12. Erikson's Stages of Development
    Young Adulthood
    20 to 30 years

    Intimacy vs. Isolation

    major task: form an intense, lasting realtionship or a commitment to another person, cause, institution, or creative effort

    • -Intimacy is achieved when individual has capacity for giveing of oneself to another
    • -Task is unresolved when love in the home has been distorted through younger years
    • -Achievement results in capacity for mutual love and respect between two people and ability to pledge a total commitment to each other
    • -Nonachievement results in withdrawl, social isolation, aloneness. Unable to form lasting, intimate relationships, seeking intimacy through sexual encounters. No career extablished - occupational changes
  13. Erikson's Stages of Development
    30 to 65 years

    Generativity vs. stagnation

    mojor task: to achieve life goals established for oneself, while also considering the welfare of future generations

    • -Generativity results when the individual expresses satisfaction with this stage in life and demonstrates responsibility for leaving the world a better place
    • -Task reamins unresolved with earlier developmental tasks are not fulfulled and the individual does not achieve the degree of maturity required to derive gratification out of a personal concern for the welfare of others
    • -Achievement results in sence of gratification from personal and professional achievements and from meaningful contributions to others
    • -Nonachievement results in lack of concern for the welfare of others and total preocculation with the self. May be withdrawn, isolated, highly self-indulgent, no capacity for givign the self to others
  14. Erikson's Stages of Development
    Older Adulthood
    65 to death

    Ego Integrity vs. despair

    major task: to review one's life and derive meaning from both positive and negative events, while achieving a positive sence of self-worth

    • -Ego integrity is achieved when developmental tasks of other stages are completed and have little desire to make major changes in the way their life has progressed
    • -Task reamins unresulved when earlier tasks are not fulfulled - self-confidence, concern for others, and strong sence of self-identity are never achieved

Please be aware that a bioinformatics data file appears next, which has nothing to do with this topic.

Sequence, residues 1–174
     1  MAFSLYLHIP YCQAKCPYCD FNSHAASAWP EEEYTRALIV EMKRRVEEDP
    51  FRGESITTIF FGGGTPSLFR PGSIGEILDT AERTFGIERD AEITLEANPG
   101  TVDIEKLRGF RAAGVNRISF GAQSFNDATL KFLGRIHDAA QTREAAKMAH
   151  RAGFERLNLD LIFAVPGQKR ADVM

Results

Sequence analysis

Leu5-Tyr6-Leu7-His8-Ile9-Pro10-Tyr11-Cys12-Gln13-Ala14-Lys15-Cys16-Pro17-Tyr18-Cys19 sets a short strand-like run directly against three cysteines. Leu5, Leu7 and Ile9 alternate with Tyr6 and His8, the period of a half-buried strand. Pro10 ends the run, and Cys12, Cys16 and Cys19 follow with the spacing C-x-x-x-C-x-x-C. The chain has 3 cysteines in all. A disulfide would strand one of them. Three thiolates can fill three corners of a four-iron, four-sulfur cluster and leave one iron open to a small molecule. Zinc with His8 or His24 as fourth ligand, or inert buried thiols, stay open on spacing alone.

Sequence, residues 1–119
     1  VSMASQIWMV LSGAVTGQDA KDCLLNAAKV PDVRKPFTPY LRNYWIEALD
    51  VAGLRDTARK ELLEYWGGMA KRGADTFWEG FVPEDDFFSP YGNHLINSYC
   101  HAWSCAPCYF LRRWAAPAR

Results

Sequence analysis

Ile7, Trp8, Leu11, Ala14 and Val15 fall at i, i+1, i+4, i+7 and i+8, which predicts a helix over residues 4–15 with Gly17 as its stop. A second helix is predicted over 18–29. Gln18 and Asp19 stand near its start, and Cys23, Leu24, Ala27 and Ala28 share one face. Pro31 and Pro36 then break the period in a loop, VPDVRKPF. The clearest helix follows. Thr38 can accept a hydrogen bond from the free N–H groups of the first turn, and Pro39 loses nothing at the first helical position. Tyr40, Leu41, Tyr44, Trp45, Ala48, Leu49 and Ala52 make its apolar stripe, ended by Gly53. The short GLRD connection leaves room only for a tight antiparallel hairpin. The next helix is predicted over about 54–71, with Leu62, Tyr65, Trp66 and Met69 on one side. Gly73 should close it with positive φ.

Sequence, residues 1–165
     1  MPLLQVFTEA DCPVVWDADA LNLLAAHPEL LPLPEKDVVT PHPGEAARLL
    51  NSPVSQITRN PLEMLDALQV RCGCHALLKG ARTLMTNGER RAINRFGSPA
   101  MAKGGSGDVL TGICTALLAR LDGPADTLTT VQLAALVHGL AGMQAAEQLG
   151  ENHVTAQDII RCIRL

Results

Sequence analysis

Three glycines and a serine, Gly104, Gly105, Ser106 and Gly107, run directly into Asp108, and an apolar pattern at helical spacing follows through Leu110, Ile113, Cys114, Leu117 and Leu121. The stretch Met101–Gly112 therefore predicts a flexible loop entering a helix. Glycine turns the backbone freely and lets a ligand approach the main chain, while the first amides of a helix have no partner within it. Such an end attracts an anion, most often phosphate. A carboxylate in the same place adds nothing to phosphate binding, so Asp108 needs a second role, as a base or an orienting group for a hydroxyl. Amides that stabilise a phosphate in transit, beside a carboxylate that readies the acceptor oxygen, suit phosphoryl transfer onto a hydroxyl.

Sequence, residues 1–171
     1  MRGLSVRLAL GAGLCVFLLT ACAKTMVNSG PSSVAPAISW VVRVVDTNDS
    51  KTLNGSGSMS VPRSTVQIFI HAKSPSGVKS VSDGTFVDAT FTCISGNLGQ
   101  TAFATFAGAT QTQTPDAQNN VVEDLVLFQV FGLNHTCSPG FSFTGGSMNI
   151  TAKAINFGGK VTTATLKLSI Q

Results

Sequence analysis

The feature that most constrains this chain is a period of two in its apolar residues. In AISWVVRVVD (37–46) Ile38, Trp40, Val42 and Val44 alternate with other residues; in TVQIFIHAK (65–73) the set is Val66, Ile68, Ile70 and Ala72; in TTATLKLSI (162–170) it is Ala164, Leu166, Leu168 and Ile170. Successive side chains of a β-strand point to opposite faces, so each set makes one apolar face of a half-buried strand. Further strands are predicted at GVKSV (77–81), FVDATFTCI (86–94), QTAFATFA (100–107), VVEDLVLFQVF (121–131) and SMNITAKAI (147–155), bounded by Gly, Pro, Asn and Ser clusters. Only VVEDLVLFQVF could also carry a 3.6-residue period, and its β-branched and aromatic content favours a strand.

• -Achievement results in sence of self-worth and self-acceptance as one one reviews life goals. Sence of dignity from life experiences and does not fear death
  15. Interpersonal Theory – Sullivan
    Based on the belief that individual behavior and personality development are the direct result of interpersonal relationships

    • Major concepts of this theory:
    • Anxiety - feeling of emotional discomfort, toward the releif or prevention of which all behavior is aimed

    Satisfaction of needs - fulfullment of all requirements associated with an individual's physiochemical environment

    Interpersonal security - feeling associated with relief from anxiety - when all need are met one experiences a sence of total well-being

    Self-system - collection of experiences or security measures adopted by the individual to protect against anxiety

    • Relevance to nursing practice
    • Relationship development is a major psychiatric nursing intervention. Knowledge about the behaviors associated with all levels of anxiety and methods for alleviating anxiety help nurses assist clients in achieving interpersonal security and a sense of well-being.
  16. Theory of Psychosocial Development – Erikson
    Relevance to nursing practice

    Many individuals with mental health problems are still struggling to achieve tasks from a number of developmental stages. Nurses can plan care to assist these individuals to fulfill these tasks and move on to a higher developmental level.
  17. A Nursing Model - Peplau
    Applies interpersonal theory to nurse-client relationship development

    Correlates the stages of personality development in childhood to stages through which clients advance during the progression of an illness

    Sees interpersonal experiences as learning situations for nurses to facilitate forward movement in the development of personality

    • Relevance to nursing practice
    • Peplau’s model provides nurses with a framework to interact with clients, many of whom are fixed in, or because of illness have regressed to, an earlier level of
    • development. Using nursing roles suggested by Peplau, nurses may facilitate client learning that was not achieved in earlier experiences.
  18. Paplau's Six Nursing Roles
    Peplau identifies six nursing roles in which nurses function to assist individuals in need of health services:

    Resource person - provides information to help client understand their problem and situation